We aim to understand the unique property of germ cells. Germ cells are the only cell type whose lifespan is not limited as they are reprogrammed with totipotency in the next generation. To ensure the sustainability of a species, germ cells need to fulfill three additional new properties that are distinct from any other cell type.
First, the germ cells must faithfully replicate their genome, avoiding invasion from foreign genetic elements, and only recognizing gametes from their own species to fertilize.
Second, the germ cells need to diversify their offspring. Mutations primarily come from meiotic recombination, transposon insertions/deletions, and spontaneous point mutations and structural variations. It has been found that the number of mutations increases with age in men.
Third, some acquired traits are inheritable. Although once discredited, Lamarkian inheritance has been resurrected by recent advances in our understanding of epigenetics. It has been shown that germ cells are sensitive to the environment & can pass epigenetic information across generations.
We want to understand the basic principles underlying these unique properties from two specific angles. The first is through an RNA biology oriented approach. We strive to understand how various germ-line RNAs prepare and shape epigenetic information flowing across generations. The second focuses on comparative biology. We have established alternative model organisms, such as chickens and lizards, for studying germ cell biology. We are adopting an interdisciplinary approach that includes genetics, epigenetics, cell biology, RNA biochemistry, reproductive biology, early embryology, evolutionary biology, and bioinformatics. Currently, our ongoing projects are centered on two related topics: PIWI-interacting RNAs (piRNAs) and sperm RNAs. piRNAs are a recently discovered type of small RNA that offers great promise in advancing our understanding of germ cell biology, whereas sperm RNAs may offer important insight into the transgenerational flow of epigenetic information. Finally, beyond infertility and contraception, what we have learned in germ cells can be applied to other cell types to promote regeneration or anti-aging. At the same time, understanding the mis-activation of some germline properties can offer insight into some diseases, such as cancer.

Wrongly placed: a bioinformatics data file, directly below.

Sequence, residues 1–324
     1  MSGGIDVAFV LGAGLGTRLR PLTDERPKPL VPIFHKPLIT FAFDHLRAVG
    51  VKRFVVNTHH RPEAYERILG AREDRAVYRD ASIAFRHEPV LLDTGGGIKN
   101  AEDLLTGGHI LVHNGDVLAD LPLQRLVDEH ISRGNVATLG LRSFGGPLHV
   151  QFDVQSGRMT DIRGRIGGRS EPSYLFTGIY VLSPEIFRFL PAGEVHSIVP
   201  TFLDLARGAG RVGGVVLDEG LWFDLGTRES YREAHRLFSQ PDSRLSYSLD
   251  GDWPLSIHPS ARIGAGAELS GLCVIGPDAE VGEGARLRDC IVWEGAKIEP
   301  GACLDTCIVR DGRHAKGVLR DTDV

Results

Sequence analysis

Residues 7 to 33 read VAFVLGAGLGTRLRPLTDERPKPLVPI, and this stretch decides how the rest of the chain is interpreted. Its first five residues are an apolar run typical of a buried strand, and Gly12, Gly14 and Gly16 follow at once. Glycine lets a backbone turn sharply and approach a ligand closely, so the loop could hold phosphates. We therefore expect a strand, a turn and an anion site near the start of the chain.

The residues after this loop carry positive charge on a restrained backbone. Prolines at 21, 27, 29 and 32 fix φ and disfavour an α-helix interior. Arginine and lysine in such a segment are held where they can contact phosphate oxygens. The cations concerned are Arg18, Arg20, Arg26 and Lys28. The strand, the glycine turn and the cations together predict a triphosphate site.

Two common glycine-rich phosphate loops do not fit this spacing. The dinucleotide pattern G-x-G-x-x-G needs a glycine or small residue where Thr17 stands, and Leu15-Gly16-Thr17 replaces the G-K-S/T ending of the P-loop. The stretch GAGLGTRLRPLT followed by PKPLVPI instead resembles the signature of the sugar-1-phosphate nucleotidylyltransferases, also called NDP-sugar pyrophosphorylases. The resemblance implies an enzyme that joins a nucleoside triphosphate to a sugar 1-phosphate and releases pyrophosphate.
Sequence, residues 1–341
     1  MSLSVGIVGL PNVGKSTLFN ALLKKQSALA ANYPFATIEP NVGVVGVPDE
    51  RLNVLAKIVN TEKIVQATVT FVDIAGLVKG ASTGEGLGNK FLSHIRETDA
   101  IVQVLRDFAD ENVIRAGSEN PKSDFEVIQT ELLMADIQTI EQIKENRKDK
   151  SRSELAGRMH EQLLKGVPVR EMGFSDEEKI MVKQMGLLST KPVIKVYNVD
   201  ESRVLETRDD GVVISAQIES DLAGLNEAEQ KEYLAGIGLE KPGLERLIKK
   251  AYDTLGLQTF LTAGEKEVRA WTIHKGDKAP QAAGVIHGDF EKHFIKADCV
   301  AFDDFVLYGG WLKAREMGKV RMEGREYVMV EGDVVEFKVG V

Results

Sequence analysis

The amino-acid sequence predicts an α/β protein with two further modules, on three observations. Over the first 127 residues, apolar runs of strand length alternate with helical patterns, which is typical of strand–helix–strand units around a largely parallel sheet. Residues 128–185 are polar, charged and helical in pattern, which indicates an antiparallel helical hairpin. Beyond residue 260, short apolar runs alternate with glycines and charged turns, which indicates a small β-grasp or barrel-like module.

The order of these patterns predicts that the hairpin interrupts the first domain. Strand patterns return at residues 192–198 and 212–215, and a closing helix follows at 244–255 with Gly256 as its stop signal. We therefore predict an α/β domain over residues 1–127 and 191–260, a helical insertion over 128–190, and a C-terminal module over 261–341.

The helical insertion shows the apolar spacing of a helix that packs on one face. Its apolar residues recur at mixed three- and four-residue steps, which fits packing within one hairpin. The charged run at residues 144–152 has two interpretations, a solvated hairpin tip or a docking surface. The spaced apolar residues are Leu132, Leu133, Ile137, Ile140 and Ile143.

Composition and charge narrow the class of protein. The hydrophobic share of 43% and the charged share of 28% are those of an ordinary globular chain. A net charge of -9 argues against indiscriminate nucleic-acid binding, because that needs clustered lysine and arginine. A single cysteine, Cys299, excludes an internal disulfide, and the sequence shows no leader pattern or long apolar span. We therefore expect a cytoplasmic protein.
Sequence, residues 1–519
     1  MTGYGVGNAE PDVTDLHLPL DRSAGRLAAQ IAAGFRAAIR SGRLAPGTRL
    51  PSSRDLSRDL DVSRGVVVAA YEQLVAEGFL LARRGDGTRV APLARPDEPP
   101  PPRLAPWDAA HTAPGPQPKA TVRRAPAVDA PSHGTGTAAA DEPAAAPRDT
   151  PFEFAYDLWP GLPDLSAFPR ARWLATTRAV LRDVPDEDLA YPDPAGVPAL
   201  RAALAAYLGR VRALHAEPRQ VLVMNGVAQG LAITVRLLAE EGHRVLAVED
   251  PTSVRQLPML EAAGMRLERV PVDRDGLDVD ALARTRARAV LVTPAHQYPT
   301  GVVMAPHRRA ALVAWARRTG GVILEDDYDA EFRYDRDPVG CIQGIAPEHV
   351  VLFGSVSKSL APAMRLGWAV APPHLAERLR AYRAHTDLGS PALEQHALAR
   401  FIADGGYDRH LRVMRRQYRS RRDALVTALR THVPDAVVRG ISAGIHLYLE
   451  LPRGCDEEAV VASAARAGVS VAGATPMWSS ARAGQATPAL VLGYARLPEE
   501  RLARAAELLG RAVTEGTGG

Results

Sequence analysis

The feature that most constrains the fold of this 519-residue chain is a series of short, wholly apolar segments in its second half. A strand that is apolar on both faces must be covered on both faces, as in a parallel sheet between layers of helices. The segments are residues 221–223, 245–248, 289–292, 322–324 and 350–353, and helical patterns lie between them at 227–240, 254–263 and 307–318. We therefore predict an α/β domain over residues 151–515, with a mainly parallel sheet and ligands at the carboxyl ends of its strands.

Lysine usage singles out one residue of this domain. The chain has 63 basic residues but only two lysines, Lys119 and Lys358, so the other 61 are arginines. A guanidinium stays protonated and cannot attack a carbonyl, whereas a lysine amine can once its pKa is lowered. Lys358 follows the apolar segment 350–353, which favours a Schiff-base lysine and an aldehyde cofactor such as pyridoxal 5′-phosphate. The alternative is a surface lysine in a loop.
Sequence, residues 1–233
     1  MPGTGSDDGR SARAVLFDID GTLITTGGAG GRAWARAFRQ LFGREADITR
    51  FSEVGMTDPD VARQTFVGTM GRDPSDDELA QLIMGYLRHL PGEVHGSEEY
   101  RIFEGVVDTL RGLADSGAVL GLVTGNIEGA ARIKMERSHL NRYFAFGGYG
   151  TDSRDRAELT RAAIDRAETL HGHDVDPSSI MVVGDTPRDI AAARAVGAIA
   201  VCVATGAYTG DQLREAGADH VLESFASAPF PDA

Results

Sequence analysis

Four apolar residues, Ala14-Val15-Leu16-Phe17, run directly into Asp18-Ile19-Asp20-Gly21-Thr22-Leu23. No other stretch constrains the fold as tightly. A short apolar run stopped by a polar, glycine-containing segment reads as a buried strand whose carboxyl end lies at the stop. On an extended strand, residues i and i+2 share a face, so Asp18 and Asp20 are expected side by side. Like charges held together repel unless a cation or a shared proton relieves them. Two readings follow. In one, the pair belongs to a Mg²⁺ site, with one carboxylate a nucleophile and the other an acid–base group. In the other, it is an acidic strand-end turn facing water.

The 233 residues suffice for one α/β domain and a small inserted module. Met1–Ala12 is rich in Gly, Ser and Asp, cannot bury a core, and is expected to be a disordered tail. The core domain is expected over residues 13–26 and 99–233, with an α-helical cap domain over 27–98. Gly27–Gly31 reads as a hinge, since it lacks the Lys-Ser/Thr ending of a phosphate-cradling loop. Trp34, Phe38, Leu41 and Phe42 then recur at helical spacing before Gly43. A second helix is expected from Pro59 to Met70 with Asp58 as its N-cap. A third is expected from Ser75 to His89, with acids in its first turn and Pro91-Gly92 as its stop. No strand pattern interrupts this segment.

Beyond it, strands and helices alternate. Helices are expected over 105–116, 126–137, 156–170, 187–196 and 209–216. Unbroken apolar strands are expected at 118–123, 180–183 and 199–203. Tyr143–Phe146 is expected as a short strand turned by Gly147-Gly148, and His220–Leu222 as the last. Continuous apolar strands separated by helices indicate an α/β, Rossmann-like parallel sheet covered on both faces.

- Sun, Y.H., Zhu, J., Xie, L.H., Li, Z., Meduri, R., Zhu, X., Song, C., Ricci, E.P., Weng, Z., and Li, X.Z. Ribosomes guide pachytene piRNA formation on long intergenic piRNA precursors. Nature Cell Biology, 2020: 1-13
- Li, X.Z. What can piRNA research learn from chickens, and vice versa? Canadian Journal of Animal Science, 2019, ja
- Sun, Y.H., Jiang F., and Li, X.Z. Disruption of Tdrd5 decouples the stepwise processing of long precursor transcripts during pachytene piRNA biogenesis.Biology of Reproduction, 2018. ioy110
- Sun, Y.H., Xie, L.H., Zhuo, X., Chen, Q., Ghoneim, D., Zhang, B., Jagne, J., Yang, C., and Li, X.Z. Domestic chickens activate a piRNA defense against avian leukosis virus. ELife, 2017. Apr 6;6. PMID: 28384097
- Sharma, U., Conine, C.C., Shea, J.M., Boskovic, A., Derr, A.G., Bing, X.Y., Belleannee, C., Kucukural, A., Serra, R.W., Sun, F., Song, L., Carone, B.R., Ricci, E.P., Li, X.Z., Fauquier, L., Moore, M.J., Sullivan, R., Mello, C.C., Garber, M., and Rando O.J. Biogenesis and function of tRNA fragments during sperm maturation and fertilization in mammals. Science, aad6780
- Ishiguro, K., Kim, J., Shibuya, H., Hernández-Hernández, A., Suzuki, A., Fukagawa, T., Shioi, G., Kiyonari, H., Li, X.C., Schimenti, J., Höög, C., and Watanabe Y. Meiosis-specific cohesin mediates homolog recognition in mouse spermatocytes. Genes & Development, 28(6):594-607, 2014 PMID:24589552
- Moran, Y., Fredman, D., Praher D., Li, X.Z., Wee, L., Rentzsch, F., Zamore, P.D., Technau, U. and Seitz, H. Cnidarian microRNAs frequently regulate targets by cleavage. Genome Research, 24(4):651-63, 2014 PMID:24642861
- Li, X.Z., Roy, C.K., Dong, X., Bolcun-Filas, E.M., Wang, J., Han, B.W., Xu, J., Moore, M.J., Schimenti, J.C., Weng Z., and Zamore, P.D. An Ancient Transcription Factor Initiates the Burst of piRNA Production During Early Meiosis in Mouse Testes. Molecular Cell, 50: 67-81, 2013 PMID: 23523368
- Li, X.C., Bolcun-Filas, E.M. and Schimenti, J.C. Genetic evidence that synaptonemal complex axial elements govern recombination partner choice in mice. Genetics, 189: 71-82, 2011PMID: 21750255
- Li, X.C. and Tye, B.K. Ploidy Dictates Repair Pathway Choice under DNA Replication Stress. Genetics, 187: 1031-40, 2011 PMID: 21242538
- Li, X.C., Schimenti, J.C. and Tye, B.K. Aneuploidy and Improved Growth are Coincident but Not Causal in a Yeast Cancer Model. PLOS Biology l 7: e1000161, 2009 PMCID: PMC2708349
- Li, X.C., Barringer, B.C. and Barbash, D.A. The pachytene checkpoint and its relationship to evolutionary patterns of polyploidization and hybrid sterility. Heredity 9: 1-7, 2008 PMID: 18766201
- Li, X.C. and Schimenti, J.C. Mouse pachytene checkpoint 2 (Trip13) is required for completing meiotic recombination but not synapsis. PLOS Genetics 3: 1785-1785, 2007 PMCID: PMC1941754
- Chen, F., Chen, Y., Dong, Y., Li, X., Xu, M., Zhang, C., Yan, Y., and Zhang, G. OsDof28, a New Member of the DOF Transcription Factor Family from Rice. Tsinghua Science and Technology 10: 454-460, 2005
- Li, X., Jia, S., Jian, J., Lin, M., Li, Q., Huang, X., Zhang, C., Zhang, R., and Zhang, G. Physiological Defense Mechanism of Ligularia intermedia Against UV-B Radiation on Dongling Mountain. Tsinghua Science and Technology 8: 481-486, 2003